From Endurance to Dressage
Izzy's Leg: Update 11
One good thing about being sick was that I didn't agonize about the state of Izzy's leg. At this point, there is nothing more that I can do for the wound other than wait for it to clean itself up.
It's still swollen, although not to the degree it was last week. Dr. Tolley thought it might take three to four weeks for that to resolve. The wound is completely closed, but it does have an ugly scab that looks like it might take a while to fall off. And this is one scab that I don't want to pick at.
The day I took the bandage off, April 11, Izzy's leg looked great. Everything was tight, and the wound was hard and dry. There was a tiny (1/2" x 1/2") section that hadn't epethelialized, but it wasn't enough to have us concerned. Within hours of removing the bandage, the leg swelled up considerably, and the newly healed skin was forced open by the pressure. You can see the blood oozing through the tears in the April 12 photo.
By the next day, the tears had scabbed over, but the leg was still very swollen. Izzy wasn't lame on it exactly, but it was obvious that he was uncomfortable. I didn't get to see it again until the 19th.
By Sunday, more than half of the filling had subsided. The back of the leg is now clean and tight. The swelling is centered over the large scab. There is no more oozing and the scab is hard and thick. I brushed the wound throughly with a soft brush to remove any loose debris. There was no sensitivity at all.
I rode him on Sunday at a walk. He showed no sensitivity or tenderness. For so many months I waited for the wound to close. Now, I just need to wait for the scab to dry up and fall off. Dr. Tolley feels that the scarring should be minimal, but it will probably take the better part of a year to get to that point.
I'll keep you posted!
You know, one of my favorite things to put on scabs I don't want to scrap off is Corona ointment. It seems to act like lotion and make the scab a little pliable and less likely to pull off an irritate the new skin underneath. Things heal a lot nicer with it, and it's slightly antiseptic. It's great, if you can get over the sticky gooey nature of the stuff.
4/20/2015 09:08:29 am
I know a lot of people like Corona, but my vet is not a huge fan. It seems to attract a lot of debris. For now, I am going to simply watch it and let it finish healing up on its own. If it starts to crack or look painful, I'll give some Scarlex a try (my vet's choice), but for now, it seems to doing okay. :0)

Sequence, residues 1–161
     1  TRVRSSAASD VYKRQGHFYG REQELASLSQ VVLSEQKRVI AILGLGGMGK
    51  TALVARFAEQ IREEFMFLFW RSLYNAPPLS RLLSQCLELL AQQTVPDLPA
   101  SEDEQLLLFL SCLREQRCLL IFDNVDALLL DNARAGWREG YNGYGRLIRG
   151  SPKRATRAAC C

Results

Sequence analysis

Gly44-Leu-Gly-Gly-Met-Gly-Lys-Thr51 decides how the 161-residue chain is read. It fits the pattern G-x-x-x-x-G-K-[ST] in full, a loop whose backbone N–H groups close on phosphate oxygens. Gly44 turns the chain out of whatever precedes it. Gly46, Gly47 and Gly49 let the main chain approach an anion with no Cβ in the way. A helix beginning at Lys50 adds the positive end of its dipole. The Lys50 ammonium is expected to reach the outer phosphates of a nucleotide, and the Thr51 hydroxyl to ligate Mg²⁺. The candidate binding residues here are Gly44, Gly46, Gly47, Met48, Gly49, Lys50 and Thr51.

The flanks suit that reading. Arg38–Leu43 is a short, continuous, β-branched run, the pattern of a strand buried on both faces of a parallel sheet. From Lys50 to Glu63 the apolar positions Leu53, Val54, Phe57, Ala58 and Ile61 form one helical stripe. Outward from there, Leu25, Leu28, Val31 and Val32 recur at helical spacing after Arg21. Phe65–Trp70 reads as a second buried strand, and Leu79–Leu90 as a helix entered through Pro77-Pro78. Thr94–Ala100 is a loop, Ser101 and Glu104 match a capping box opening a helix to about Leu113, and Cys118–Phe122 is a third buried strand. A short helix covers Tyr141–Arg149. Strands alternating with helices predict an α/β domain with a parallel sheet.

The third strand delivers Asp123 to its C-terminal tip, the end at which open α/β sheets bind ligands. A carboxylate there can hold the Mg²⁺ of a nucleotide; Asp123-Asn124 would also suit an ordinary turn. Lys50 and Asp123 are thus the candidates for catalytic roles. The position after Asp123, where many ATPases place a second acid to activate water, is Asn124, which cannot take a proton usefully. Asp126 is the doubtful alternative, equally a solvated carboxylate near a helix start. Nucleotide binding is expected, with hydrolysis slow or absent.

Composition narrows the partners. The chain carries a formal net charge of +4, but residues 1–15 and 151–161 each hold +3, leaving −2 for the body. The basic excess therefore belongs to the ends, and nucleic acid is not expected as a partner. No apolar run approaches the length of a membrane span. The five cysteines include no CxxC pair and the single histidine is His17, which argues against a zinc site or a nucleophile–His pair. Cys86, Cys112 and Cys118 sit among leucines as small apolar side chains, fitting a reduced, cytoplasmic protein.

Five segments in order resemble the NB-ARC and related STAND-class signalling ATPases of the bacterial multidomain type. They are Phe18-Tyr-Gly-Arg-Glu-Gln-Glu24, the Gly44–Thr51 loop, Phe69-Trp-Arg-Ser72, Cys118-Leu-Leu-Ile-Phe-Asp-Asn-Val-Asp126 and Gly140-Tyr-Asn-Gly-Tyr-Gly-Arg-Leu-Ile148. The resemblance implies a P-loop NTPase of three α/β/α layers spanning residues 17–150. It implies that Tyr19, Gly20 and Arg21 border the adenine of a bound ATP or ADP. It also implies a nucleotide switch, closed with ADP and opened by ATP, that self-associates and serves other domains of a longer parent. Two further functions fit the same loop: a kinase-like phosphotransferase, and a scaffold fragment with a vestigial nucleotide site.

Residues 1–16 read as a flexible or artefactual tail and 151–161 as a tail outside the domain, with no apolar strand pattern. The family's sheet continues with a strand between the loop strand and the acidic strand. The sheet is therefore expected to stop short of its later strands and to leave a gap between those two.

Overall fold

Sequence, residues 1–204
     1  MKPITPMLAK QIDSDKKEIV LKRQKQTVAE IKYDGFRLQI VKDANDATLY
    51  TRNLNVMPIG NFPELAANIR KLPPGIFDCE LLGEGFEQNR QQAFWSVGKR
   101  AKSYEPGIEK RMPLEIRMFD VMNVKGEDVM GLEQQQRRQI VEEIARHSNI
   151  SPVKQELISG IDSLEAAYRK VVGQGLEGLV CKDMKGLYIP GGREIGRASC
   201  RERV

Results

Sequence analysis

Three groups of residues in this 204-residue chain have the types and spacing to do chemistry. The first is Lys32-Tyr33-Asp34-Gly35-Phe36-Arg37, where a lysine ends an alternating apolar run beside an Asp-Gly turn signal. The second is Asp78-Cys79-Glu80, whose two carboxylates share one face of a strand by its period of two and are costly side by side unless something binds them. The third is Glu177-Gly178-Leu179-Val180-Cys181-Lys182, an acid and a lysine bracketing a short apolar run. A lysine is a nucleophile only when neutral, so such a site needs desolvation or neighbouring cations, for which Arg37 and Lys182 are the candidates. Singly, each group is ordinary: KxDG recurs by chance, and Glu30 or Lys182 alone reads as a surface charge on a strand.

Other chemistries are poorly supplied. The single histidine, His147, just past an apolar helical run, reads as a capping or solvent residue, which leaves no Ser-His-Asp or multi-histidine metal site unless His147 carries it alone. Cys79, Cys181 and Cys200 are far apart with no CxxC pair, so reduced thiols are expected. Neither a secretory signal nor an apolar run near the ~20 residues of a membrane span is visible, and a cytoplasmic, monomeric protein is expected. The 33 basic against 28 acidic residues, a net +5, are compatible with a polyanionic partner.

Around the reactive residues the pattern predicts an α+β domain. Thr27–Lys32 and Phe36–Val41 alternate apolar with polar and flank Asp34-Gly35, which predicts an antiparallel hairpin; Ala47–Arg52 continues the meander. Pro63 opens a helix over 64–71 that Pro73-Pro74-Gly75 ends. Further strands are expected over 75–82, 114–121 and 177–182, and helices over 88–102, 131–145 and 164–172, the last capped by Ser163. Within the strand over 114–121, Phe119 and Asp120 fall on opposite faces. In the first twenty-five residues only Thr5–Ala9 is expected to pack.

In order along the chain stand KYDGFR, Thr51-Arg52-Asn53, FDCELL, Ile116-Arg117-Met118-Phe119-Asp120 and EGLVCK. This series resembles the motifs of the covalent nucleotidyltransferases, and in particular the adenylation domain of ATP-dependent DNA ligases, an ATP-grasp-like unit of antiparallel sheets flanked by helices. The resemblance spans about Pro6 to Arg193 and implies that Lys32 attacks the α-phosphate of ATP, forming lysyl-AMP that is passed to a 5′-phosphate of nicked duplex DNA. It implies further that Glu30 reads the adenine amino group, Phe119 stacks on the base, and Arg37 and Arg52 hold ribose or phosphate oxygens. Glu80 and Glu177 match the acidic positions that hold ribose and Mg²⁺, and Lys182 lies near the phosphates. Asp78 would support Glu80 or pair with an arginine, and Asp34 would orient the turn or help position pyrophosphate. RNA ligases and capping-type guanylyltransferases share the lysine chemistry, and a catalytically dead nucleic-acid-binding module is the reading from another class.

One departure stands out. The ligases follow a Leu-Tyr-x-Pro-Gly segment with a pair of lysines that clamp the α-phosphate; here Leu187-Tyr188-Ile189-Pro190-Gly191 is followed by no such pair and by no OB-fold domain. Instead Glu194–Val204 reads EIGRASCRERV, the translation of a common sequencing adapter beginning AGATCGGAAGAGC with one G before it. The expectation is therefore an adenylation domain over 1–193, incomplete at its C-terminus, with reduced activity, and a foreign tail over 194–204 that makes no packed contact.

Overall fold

Scarlex is my favorite dressing! It's great for those hard-to-reach-without-getting-kicked areas!
4/20/2015 09:05:42 am
That's my hope ... ugly before it gets better. And really, it doesn't bother him, so I am just letting it run its course.
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About the Writer and Rider
I am a lifelong rider.
I began endurance riding in 1996 where I ultimately completed five, one-day 100 mile races, the 200-mile Death Valley Encounter, and numerous other 50, 65, and 75 mile races. I began showing dressage in 2010.
Welcome to my dressage journey.
About Speedy G
Speedy went from endurance horse to dressage horse. After helping me earn a USDF Bronze medal in the summer of 2020, he is now semi-retired. Speedy is a 2004, 15'1 hand, purebred Arabian gelding. His Arabian Horse Registry name is G Ima Starr FA.
Izzy was started as a four-year old and then spent the next 18 months in pasture growing up. I bought him as a six-year old, and together, we are showing at the lower levels. He is a 2008, 16'3 hand warmblood gelding. His Rheinland Pfalz-saar International (RPSI) name is Imperioso.
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Third Level: 62.105%
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